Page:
"Motherfucking, what's that big dragon shit? That orange motherfucker. Charizard."



skipdogg posted:

I swear these threads make me wonder if I work for some mythical perfect company or some poo poo. I'm celebrating my 10 year anniversary here soon. Started working in one of our call centers while finishing community college and have been promoted multiple times since then. In my current position of Sr. Systems Administrator I'm making a very nice base wage in line with the local market while enjoying such things 22 paid days off, 8 sick days, 90/10 PPO with 500 dollar deductible, paid training, cell phone, hot spot and annual performance bonus (that actually pays out). We're even well funded as a department and get nice equipment. I really don't have anything bad to say about the company at all and have no desire to leave.


Now if my environment wasn't so great, or I did not have the potential to move up I would leave, but you can enjoy a nice career with a company. It is possible. I wouldn't mind working here another 10 years to be honest. I can probably get a 'Lead Sys Admin' title in the next 2 to 3 years which would cap out my earning potential without going into management or consulting. I will say I make an effort to stay on top of technology. Don't be that guy who specializes in something and doesn't keep up with current technology trends. You want to keep a relevant skill set in case something happens to your job.

Part of it is that this thread seems weighted heavily in favor of people who are still relatively early in their career. It gets easier to find the good jobs as you build a resume and your skills are more in demand, forcing companies to compete for you. Though over the past ten years I've had four different IT jobs and none of them were anywhere near as bad as many described here.

YOLOsubmarine
Oct 19, 2004

When asked which Pokemon he evolved into, Kamara pauses.

"Motherfucking, what's that big dragon shit? That orange motherfucker. Charizard."



Sorry guys, I'd like to post more but I spent all day at work managing the gently caress out of ICMP and I am just exhausted.

YOLOsubmarine
Oct 19, 2004

When asked which Pokemon he evolved into, Kamara pauses.

"Motherfucking, what's that big dragon shit? That orange motherfucker. Charizard."



the spyder posted:

Since *company merger* is looking worse and worse now that I've got a taste of how they currently handle IT (it's terrible) and there's no way I'm staying here any longer then I have too, it's time to brush up the old resume. Where do I start? Is the goon-ran resume service worth it? I've started to audit/rebuilt my online presence (so they find what I want them to find, like my IT blog.) But I've got two weak points: resumes and interviews. I can get a decent resume out there and handle phone interviews no sweat, but at the in person tech interviews, I always choke. Any help or resource recommendations (articles, books, ect) are appreciated.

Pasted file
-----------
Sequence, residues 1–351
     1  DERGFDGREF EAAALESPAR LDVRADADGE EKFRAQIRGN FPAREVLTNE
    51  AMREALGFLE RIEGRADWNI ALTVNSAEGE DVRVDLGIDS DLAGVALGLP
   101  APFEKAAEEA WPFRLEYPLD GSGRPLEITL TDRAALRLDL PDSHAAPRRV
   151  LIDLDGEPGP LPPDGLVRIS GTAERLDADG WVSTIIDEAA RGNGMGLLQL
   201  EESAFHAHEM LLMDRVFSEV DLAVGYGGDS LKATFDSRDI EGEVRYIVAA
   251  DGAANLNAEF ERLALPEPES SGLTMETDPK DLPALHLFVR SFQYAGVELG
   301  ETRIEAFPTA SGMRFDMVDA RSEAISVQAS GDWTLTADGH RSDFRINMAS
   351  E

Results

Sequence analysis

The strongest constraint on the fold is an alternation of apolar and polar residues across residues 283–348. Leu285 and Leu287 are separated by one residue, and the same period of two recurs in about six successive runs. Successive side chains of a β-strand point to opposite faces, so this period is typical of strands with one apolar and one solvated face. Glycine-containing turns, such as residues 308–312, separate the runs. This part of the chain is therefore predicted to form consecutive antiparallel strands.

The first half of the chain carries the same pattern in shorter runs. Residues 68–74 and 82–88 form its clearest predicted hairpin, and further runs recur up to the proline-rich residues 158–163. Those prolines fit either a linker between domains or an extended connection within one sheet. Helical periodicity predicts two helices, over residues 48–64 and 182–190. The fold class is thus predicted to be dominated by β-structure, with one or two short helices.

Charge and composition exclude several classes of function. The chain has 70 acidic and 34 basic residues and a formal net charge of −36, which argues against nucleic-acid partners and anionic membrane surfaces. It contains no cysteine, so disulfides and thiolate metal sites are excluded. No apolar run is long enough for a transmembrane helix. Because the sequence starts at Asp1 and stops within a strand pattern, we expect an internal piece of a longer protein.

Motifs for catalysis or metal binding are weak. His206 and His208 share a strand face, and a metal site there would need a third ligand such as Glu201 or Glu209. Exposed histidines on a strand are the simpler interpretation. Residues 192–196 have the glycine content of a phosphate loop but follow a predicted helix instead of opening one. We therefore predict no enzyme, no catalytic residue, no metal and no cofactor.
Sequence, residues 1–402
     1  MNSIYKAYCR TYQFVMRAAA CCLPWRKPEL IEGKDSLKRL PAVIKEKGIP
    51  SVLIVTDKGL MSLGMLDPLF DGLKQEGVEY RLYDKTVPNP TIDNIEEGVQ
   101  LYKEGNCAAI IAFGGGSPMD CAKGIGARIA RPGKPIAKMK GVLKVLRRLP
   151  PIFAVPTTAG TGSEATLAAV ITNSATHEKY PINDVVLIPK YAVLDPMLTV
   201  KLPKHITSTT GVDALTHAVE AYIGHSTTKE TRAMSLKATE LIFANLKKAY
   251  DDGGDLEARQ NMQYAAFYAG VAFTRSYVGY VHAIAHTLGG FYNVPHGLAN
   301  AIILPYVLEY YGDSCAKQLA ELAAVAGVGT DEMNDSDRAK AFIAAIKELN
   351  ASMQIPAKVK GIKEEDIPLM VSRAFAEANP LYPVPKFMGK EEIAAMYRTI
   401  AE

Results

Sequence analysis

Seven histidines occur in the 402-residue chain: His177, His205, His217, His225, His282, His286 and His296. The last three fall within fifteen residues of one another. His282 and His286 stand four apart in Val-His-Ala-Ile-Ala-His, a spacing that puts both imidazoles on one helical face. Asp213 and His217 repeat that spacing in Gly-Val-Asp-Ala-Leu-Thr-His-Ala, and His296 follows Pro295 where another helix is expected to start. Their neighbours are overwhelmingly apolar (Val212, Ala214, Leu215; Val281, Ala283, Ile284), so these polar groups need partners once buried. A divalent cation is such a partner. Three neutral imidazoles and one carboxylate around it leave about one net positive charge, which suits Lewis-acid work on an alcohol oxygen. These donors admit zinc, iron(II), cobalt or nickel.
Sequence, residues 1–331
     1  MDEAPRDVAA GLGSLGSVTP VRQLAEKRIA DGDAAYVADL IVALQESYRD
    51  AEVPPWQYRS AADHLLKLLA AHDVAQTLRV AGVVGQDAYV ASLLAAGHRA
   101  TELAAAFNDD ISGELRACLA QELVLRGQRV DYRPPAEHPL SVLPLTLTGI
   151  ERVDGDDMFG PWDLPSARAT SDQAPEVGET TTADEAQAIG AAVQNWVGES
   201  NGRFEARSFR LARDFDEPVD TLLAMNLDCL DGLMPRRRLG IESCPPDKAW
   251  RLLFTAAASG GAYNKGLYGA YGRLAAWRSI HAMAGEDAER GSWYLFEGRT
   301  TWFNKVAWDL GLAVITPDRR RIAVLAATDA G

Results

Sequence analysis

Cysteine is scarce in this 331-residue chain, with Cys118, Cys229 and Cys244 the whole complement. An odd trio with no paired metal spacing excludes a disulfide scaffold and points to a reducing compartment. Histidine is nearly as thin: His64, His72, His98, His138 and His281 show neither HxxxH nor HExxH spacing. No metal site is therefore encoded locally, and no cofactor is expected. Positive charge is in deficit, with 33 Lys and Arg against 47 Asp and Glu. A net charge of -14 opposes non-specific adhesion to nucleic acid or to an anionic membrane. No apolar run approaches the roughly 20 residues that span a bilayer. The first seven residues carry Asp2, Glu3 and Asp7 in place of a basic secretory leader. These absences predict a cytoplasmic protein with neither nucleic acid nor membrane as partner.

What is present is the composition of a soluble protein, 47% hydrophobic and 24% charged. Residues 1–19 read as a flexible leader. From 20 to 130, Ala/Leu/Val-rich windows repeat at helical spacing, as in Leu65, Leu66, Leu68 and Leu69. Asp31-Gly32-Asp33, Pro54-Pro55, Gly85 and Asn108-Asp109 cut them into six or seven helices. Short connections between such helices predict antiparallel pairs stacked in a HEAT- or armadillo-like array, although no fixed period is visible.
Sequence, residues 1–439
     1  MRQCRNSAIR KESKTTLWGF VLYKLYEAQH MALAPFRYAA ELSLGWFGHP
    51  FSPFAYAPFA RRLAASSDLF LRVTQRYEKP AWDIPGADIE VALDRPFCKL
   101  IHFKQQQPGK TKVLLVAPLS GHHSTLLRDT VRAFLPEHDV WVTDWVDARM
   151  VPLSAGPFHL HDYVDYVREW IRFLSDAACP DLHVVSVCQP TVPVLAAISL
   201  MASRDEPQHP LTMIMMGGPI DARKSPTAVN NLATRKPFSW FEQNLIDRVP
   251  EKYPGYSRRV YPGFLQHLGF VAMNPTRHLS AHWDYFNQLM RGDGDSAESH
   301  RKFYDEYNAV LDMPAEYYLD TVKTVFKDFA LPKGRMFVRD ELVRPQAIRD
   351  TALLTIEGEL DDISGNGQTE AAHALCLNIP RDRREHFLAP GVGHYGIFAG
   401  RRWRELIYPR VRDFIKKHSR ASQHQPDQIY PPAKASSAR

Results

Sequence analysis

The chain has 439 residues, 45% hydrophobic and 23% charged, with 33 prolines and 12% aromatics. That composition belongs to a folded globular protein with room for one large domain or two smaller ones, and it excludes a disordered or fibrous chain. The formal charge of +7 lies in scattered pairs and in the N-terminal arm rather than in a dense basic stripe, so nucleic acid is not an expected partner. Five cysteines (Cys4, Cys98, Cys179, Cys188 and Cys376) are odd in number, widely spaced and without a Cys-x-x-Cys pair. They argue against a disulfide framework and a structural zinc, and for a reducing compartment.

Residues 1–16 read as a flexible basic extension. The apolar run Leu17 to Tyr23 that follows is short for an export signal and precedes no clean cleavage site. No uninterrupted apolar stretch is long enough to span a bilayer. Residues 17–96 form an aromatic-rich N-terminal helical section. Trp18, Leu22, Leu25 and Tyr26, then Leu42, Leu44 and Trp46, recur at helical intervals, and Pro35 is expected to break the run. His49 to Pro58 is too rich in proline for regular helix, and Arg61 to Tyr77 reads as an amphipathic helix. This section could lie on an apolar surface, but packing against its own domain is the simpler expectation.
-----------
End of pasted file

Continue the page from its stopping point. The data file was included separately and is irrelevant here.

You're in Portland, correct? What kind of work are you doing? I know you gave me your email address in one of these threads and I got caught up in some stuff and didn't get around to e-mailing you, but if you give me an idea of what kind of work you're looking for I can ask around and see if anyone I know is hiring.

YOLOsubmarine
Oct 19, 2004

When asked which Pokemon he evolved into, Kamara pauses.

"Motherfucking, what's that big dragon shit? That orange motherfucker. Charizard."



Wear slacks and a long sleeve dress shirt, look clean and presentable and you'll be fine in 99.99 percent of interviews. If you've already got a nice suit feel free to wear it, but don't go spend hundreds of dollars on one for an interview.

YOLOsubmarine
Oct 19, 2004

When asked which Pokemon he evolved into, Kamara pauses.

"Motherfucking, what's that big dragon shit? That orange motherfucker. Charizard."



MC Fruit Stripe posted:

Wear a suit to an interview because you are not 17 years old.

I've literally never worn a suit to an interview and also only had one person wear a suit to an interview with me. It's not a law firm or a bank. Would you suggest that a woman should wear a formal dress to an interview? If not, then why not?

Seriously, just look loving presentable. Look like you wouldn't be out of place at church or at an upscale restaurant. The actual clothes are much less important than the overall impression of being clean, organized, well groomed, and capable of dressing yourself like a functional adult and not an a gross manchild. No one here has ever lost a job because they weren't wearing a suit for a job where the dress code probably tops out at dockers and a polo.